Ming's Bistro is not fancy, but it is real deal. Located in the Mills 50 neck of Orlando's Colonialtown neighborhood, patrons enjoy delicious, fresh, reasonably priced dishes and dim sum as they share space with the very ducks on which they may be dining. For most people, such details only bolster the restaurant's authenticity. Dim sum runs the gamut from more familiar offerings like steamed shrimp dumplings and pork buns to many less familiar to folks accustomed to "Chinese" fare at the mall food court. Shark's fin, chicken feet, sesame balls, shrimp-stuffed eggplant and delicious deep fried taro balls (think of them Chinese croquettes of a sort: crispy on the outside, smooth, rich and flavorful within). In fact, the dim sum menu makes Ming's an ideal place for groups who can partake of wave after savory wave of small plates without coming close to breaking the bank. (407-898-9672)
What's in a (Japanese) name? Not much in this case, but you'll be happy you showed up. This small mom-and-pop � yet another strip-mall gem (Orlando is rotten with them!) is often busy, busy, busy � a testament to its devoted customers who come craving authentic Taiwanese cuisine and often leave with to-go boxes � but never disappointed. You can call ahead, but it's best to come expecting a wait as food is cooked to order. If you're in a rush or super hungry, save this one for when you have a little time � it's worth it. A glass-half-full way of looking at it: more time to consider the ample menu and perhaps ask some questions. ((321) 281-8088)
For authentic Chinese dine-in or delivery, you won't go wrong with Tasty Wok. A long standing favorite in Colonialtown North (the Mills 50 neighborhood is a hotbed of so many Vietnamese gems that other Asian delights are often under-reported) this unpretentious little restaurant is well known for its scallion pancakes, noodle soups, congee, roast duck and chow fun (a dish you don't all that often in the 407), all of which are served up in heaping portions for beyond-reasonable prices. A word to those looking for a plush, upscale venue to impress a date, future in-law or potential client: this ain't it. (407-896-8988)
Kim Wu Chinese Restaurant
Kim Wu's location and atmosphere are inauspicious (truthfully, that's largely the norm for Chinese in Orlando – so many are ensconced in varying degrees of "unassuming strip mall"), but the fare is memorable with some surprising authentic dishes positioned amid the more recognizable American-Chinese fare. Start your meal with fried pork or vegetable dumplings or perhaps one of their soups, then pause to appreciate the artful presentation of dishes like the honey walnut shrimp (one of Kim Wu's most lauded) before digging in. Prices are affordable, particularly during the lunch buffet, and meals come with a small dessert plate and cleansing hot towel at the end. (407-293-0752)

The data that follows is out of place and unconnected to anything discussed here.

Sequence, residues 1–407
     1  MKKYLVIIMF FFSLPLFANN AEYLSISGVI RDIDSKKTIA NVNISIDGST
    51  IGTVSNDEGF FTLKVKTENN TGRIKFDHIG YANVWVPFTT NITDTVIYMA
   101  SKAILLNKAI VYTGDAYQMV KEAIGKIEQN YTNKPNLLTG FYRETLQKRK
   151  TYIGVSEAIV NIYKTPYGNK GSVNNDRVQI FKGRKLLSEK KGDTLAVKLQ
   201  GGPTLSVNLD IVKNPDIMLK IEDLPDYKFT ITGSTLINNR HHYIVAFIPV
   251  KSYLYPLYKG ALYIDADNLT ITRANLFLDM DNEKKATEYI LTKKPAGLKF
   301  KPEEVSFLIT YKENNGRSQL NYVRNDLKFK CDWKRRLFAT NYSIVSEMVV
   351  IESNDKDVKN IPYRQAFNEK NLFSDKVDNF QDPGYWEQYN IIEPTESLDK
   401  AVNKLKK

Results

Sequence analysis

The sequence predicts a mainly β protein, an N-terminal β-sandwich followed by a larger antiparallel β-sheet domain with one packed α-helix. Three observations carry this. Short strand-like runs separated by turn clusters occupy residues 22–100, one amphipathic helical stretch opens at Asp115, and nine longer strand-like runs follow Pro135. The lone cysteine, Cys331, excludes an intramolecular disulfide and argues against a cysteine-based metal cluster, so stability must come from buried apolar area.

Having risen from the ashes of a former Pizza Hut to new found vegetarian fame, Garden Cafe is oft cited as the vegetarian restaurant most likely to win over your nay-saying carnivore friends. The largely Chinese menu makes use of tofu and other meat substitutes; the orange chicken is a standout, but truly shines in all-veggie offerings in their dumplings, curries and other "purist" plates. As vegetarian options are growing in Orlando, but still somewhat limited, Garden Cafe is a popular go-to for those eating greener and looking to lure loved ones into the joys of a healthier lifestyle without giving up adventurous eating. (407-999-9799)
Chuan Lu Yuan
Sophisticated, spicy and authentic are words you'll often hear associated with Chuan Lu Yuan, a Mills 50-outpost that operates as part of the larger Ginza steakhouse. We'd add colorful, flavorful, aromatic and delicious, though it's likely all been said before. Chuan Lu Yuan serves Szechuan dishes, many of which will seem delightfully new to folks more accustomed to Americanized Chinese fare. Hot pots, hand-pulled noodle soups, an array of dishes for the adventurous culinary explorer. While there are options available for those less interested in straying outside their comfort zones, we recommend you bring several bold dining companions (more people = more dishes to sample!), ask lots of questions and taste, taste, taste. (407-896-8966)
About A.D. Thompson
A.D. Thompson has spent more than 20 years as a professional writer and roughly 15 as a Floridian. The words, she has found, come easier with bare feet and rum.
A roller coaster enthusiast, A.D. readily admits there is fun to be had amid the madness of the theme parks, but has found there is magic, as well, in the outer-lying reaches of Mickey’s long shadow. She is delighted to share with you the spoils of her adopted city.